Hiring a private investigator is not something you would do very often unless maybe you’re an attorney. For most people, making the first call to a private investigator is a daunting task and it makes many people nervous.
But, there are a few things you can do to make the process less nerve wracking and we are happy to share the following 10 tips with you
1. Prepare in advance
This is probably the most important step you can take. Think of all the information you have about your situation and sit down and write these pieces of information down on a piece of paper. You should also write down any questions you might have.
This way, you won’t have to struggle to remember them when you make the call to a private investigator.
Also, keep some note paper and a pen handy to take notes when you’re talking to the private investigator.
2. Discuss the case parameters
Make sure you discuss all the aspects of the investigation with the investigator. You’ll want to know how they’re going to charge you and what types of payment they expect to both get started on your case and during your case.
Ask them if they foresee any unexpected charges arising out of your case. You don’t want any surprises.
3. Make sure there’s a contract
Never hire a private investigator without establishing a written contract. The contract will protect both you and the investigator should things go wrong, or you have a dispute with the investigator.
The contract should include a list of the services you are hiring the private investigator to complete, and the costs associated with each service.
4. Make sure they're licensed
48 states require private investigators to be licensed and this is a very important step in choosing a private investigator.
Unlicensed private investigators are more likely to rip you off and any evidence they obtain will be obtained illegally. This makes any evidence and unlicensed investigator obtains useless to you in a court setting.
5. Make sure they carry liability insurance
Many private investigators only carry a bond, which is the minimum coverage most states require. A bond is NOT insurance and any private investigator you hire should carry a minimum of $3 Million in liability coverage.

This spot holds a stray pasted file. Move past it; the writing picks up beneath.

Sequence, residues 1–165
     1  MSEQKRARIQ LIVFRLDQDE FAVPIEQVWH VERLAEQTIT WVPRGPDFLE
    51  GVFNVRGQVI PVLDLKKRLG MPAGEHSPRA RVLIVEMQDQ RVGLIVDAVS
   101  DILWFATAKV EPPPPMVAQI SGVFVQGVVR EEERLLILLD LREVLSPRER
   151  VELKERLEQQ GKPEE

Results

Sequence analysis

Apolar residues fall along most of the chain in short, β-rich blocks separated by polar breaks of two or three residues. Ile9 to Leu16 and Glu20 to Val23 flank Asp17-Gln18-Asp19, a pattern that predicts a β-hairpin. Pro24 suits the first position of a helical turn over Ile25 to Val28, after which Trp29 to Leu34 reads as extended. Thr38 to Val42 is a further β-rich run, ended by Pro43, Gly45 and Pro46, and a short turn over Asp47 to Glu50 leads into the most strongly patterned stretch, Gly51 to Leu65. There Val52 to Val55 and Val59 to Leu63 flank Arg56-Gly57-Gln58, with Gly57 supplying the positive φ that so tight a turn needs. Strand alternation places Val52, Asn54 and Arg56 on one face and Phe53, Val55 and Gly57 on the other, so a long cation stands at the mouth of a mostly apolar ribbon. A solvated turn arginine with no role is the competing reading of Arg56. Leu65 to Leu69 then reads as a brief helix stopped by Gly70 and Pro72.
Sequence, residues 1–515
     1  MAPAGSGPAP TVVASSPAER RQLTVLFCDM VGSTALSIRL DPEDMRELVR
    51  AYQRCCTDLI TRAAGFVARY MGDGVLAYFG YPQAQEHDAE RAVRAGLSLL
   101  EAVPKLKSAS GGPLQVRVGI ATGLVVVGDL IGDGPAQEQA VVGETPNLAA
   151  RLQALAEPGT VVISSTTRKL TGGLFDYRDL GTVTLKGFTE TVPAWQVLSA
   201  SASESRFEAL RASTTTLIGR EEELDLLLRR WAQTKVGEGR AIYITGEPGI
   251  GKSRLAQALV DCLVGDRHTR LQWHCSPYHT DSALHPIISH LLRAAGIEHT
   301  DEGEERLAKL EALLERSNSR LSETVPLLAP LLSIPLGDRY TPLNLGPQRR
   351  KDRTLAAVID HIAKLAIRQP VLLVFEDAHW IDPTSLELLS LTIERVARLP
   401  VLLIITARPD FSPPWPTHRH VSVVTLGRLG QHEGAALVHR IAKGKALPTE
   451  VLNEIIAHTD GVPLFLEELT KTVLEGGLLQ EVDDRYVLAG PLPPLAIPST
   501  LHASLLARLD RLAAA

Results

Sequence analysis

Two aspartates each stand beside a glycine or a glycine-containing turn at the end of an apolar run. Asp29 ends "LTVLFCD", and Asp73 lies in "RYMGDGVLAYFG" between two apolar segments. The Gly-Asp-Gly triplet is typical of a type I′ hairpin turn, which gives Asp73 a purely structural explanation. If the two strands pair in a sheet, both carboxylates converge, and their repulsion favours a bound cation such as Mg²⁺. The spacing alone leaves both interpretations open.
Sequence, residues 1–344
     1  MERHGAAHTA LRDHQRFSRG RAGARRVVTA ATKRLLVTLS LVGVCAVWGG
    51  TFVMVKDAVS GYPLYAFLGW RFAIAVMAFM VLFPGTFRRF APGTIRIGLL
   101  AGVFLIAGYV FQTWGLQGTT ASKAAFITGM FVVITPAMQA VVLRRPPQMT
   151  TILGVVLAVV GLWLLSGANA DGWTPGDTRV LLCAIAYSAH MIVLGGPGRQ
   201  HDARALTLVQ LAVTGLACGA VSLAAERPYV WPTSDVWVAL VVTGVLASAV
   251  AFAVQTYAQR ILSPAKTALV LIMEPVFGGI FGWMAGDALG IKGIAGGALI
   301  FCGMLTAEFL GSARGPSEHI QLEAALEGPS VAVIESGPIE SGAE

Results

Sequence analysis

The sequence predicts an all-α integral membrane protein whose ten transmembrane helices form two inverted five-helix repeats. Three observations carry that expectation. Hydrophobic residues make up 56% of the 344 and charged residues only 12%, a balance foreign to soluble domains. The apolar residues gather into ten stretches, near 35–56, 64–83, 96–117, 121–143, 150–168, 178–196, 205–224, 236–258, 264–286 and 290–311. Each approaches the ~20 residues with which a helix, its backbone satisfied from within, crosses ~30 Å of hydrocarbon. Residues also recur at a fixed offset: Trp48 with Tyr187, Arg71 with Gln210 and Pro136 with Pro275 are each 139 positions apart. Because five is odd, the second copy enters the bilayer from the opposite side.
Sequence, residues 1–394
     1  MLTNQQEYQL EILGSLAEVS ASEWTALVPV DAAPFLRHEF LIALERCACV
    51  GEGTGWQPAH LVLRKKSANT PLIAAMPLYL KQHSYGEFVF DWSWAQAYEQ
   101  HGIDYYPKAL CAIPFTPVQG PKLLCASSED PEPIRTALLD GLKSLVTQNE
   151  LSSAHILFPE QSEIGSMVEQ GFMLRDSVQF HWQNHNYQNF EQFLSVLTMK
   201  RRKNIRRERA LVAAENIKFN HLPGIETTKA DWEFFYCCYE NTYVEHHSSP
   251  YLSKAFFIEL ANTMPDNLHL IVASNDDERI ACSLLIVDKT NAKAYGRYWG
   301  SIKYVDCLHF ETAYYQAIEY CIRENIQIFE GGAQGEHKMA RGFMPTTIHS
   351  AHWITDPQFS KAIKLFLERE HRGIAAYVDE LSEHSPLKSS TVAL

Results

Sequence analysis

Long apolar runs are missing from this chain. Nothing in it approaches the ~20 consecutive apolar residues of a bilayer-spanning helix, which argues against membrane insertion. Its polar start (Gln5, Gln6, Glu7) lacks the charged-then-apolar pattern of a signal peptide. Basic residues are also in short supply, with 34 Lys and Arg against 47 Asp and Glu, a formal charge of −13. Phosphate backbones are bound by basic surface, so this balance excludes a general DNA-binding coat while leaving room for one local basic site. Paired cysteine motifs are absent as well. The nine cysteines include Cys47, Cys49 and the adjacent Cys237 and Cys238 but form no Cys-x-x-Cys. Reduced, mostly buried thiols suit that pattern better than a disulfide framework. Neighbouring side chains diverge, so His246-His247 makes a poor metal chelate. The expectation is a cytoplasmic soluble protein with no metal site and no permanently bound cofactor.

It’s rare that things go seriously wrong in a private investigation, but if they do, a bond won’t cover you from a major liability event.
6. Check their client list and reviews
A professional, ethical private investigator should be able to show you a client list and point you to reviews and testimonials that you can read to learn about other people’s experience with a particular private investigator.
If a private detective tells your their client list is “private”, hang up on them and call a professional private investigator. Case work is private and confidential, clients are not.
7. Have a communication schedule
Find out from the investigator how they plan to keep you updated on your case. Most professional private investigators will let you know upfront how they will update you.
Don’t expect to receive “blow-by-blow” updates on your case. You can expect daily updates and if the investigator is waiting on another entity to provide data (as in the case of DNA searches) this might take longer. The investigator should prepare you for this.
8. Ask how you will receive your evidence
Be sure to discuss how the investigator is going to provide reports to you, and whether they’ll be hardcopies or digital copies.
If your case requires video evidence, ask for the type of format the video will be provided. You want to make sure you and your attorney can view it easily.
9. Check with your attorney
Make sure your attorney knows you’re hiring a private investigator. Your attorney may tell you to not do it for various reasons. You should always follow your attorney’s advice, and if an attorney recommends a particular private investigator, then that’s the one you should hire. The attorney obviously has experience working with them and trusts them.
10. Know your budget
While the overall costs of most cases can’t always be predicted accurately, the investigator should be able to give you a rough estimate of what a particular task or event might cost.
You will want to make sure you can afford the costs of an investigation so as to avoid any embarrassing conversations down the line.
11. Ask what happens afterwards
You should also ask your private investigator what to expect after the investigation is complete.
- Do you, or they provide the evidence to your attorney?
- Will they be able to testify in court on your behalf and what will that cost?
- Will any of your evidence be used for any other purpose, such as marketing and advertising?
A professional private investigator should be able to discuss these parameters with you.